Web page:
Hardware retailers market team USA
As hardware retailers continue to look for ways to increase sales in a down economy, some have found a niche market in “Made in the USA” products.
With consumers keenly aware of the nation’s unemployment rate (currently at 9.4%) and motivated by value in their purchasing decisions, some retailers are reporting a growing number of consumers who are looking for American-made products.
To meet that demand, retailers like Beaumont, Texas-based M&D Supply are requesting more “Made in America” signage from American manufacturers. What they can’t get from the manufacturer, they supply themselves.
The 37,000-sq.-ft. retailer has begun labeling its domestically manufactured products throughout the store with “Made in the USA.”
For purchasing manager Aaron Hagan, the move is a sign of the times.
“It seems like it becomes more important when times are tough, and we as a nation realize how little we are producing domestically,” he said. “We should always be looking to support those domestic manufacturers. Unfortunately that’s not always the case.”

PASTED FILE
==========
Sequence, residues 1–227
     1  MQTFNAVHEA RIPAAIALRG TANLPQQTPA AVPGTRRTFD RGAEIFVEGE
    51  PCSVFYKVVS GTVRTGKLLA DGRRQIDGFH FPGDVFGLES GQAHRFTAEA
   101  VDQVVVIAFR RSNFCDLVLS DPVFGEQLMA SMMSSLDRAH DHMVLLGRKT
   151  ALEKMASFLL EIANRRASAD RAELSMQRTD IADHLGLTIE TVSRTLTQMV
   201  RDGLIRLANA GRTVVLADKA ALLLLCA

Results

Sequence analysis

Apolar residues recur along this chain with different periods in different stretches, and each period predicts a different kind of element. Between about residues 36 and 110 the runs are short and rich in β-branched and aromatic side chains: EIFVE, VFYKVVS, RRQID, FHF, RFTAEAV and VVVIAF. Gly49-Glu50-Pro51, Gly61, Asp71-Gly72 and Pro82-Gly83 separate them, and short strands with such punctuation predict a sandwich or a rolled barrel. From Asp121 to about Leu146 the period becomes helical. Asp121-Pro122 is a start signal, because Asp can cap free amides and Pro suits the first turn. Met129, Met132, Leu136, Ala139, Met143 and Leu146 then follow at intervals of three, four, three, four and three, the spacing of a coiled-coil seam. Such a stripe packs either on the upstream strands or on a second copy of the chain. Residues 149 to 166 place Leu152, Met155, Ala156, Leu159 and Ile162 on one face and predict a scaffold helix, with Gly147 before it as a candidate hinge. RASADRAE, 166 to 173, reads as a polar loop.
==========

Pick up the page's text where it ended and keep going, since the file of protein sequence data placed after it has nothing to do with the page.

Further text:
But Hagan isn’t looking to stock just any products with a USA stamp on them. For them to offer any value to his customer, they still must have the right price point.
“If you’re competitively priced and you’re made in America, people are going to pick that up as opposed to the imported counterpart,” he said. “We can’t stock our shelves with domestic product if it’s going to be overpriced and price ourselves out of business.”
The store has been looking to increase its domestically made offerings, and has cited good relations with companies like Bully Tools and Lupine pet products. He said they’re even looking to take on an American-based chain manufacturer, which would mean purchasing American-made steel.
“We’re trying to put America back to work,” Hagan said. “If we can buy it and make sure somebody else has a job, that’s just the best thing that we can do.”
M&D isn’t the only company looking to include in-store signage to point its customers to American-made products. Tony Esposito of Wallingford, Vt.-based Nail it Down Hardware is also looking to emphasize its American-made products. Esposito already has identified approximately 40% of his inventory as domestically manufactured.
“In a way that’s sad, but that’s pretty darn good too,” he said.
Esposito said most of those products are paints, chemicals and cleaners.
Upon ordering miniature flags to use as signage, Esposito ran into a moral dilemma. All of the flags he found online were made in China.
“It’s amazing how many American flags are made in China,” he said.